Acres on Pine Ridge Reservation next to Wounded Knee are now up for sale. What's worse is this sacred massacre site could become home to a horse slaughterhouse.
Exploiting the site’s historic significance, the current owner has given Lakota tribes an ultimatum - either fork out an exorbitant $4 million or the land will open to outside investors, one of which includes a horse slaughterhouse.
Lakota tribes were seeking asylum at Pine Ridge in 1890 when the US Seventh Calvary slaughtered over 150 men, women and children camped at Wounded Knee. Years later survivor descendants and others mounted a protest at Pine Ridge which left three dead.
Not only are these sites sacred to the tribes, but the horse is revered by them as well.
Housing a horse slaughterhouse here should be unthinkable, and some tribe members say compulsory purchase under "eminent domain" should be an option.
Tell the Department of the Interior to make Wounded Knee the site of a National Monument - not a horse slaughterhouse.
We, the undersigned, strongly oppose plans to sell and further desecrate this sacred ground at Pine Ridge next to Wounded Knee.
Writing for the Guardian, Dana Lone Hill points out that the price the white landowner is calling for is outrageous and is exploiting the historic significance as well as the horrific slaughter that occurred at Wounded Knee. Hill points out that if a tribe member were to sell that same amount of land back to the tribe it would be worth only $7,000, and others have estimated a value no higher than 12,000, as the land is not arable.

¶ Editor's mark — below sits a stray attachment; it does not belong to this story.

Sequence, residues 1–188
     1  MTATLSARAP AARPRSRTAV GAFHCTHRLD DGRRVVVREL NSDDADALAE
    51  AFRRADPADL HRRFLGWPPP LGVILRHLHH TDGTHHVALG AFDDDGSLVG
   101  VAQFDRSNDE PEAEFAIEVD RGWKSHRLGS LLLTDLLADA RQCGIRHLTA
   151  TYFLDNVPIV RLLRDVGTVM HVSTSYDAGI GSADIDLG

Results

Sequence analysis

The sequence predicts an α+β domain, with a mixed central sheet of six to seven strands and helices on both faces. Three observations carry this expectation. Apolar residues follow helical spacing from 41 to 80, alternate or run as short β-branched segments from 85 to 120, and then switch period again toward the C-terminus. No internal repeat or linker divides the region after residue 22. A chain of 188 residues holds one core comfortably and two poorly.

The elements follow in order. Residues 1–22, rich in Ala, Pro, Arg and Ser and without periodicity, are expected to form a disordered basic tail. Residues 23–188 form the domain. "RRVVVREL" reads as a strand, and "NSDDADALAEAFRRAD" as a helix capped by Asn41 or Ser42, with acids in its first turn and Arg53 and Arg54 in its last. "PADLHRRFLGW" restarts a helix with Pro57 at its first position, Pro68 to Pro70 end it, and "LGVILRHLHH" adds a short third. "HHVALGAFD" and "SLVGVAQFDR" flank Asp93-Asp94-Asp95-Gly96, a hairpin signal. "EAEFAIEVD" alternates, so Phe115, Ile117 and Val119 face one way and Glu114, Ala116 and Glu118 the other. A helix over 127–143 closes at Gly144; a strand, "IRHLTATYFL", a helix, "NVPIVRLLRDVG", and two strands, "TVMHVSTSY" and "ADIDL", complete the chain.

The entire site, instead, should be a monument to what many see as the holocaust that occurred there.
Though tribe members are split on how the land should be used, they all protest the ultimatum given them by the seller. And while some would allow the use of land by a business as repulsive as a horse slaughterhouse, they are mainly motivated by the need to help alleviate the shameful and severe poverty that the tribes have dealt with for decades.
Our Native Americans should not have to face this kind of predicament. Instead the federal and state governments should step in and create a national monument for Wounded Knee or a Holocaust Museum, as others have suggested - and/or allow the option of purchase under eminent domain.
Hill says that whatever happens, Wounded Knee should be honored in a way that befits the tragedy that occurred there. “We must not forget,” she says, “that women and children were chased down and shot to death in the snow on this land.”
We request that the Federal Government intervene and properly honor those who died at these sites and their historical significance - most certainly ban the building of a horse slaughterhouse at Pine Ridge.
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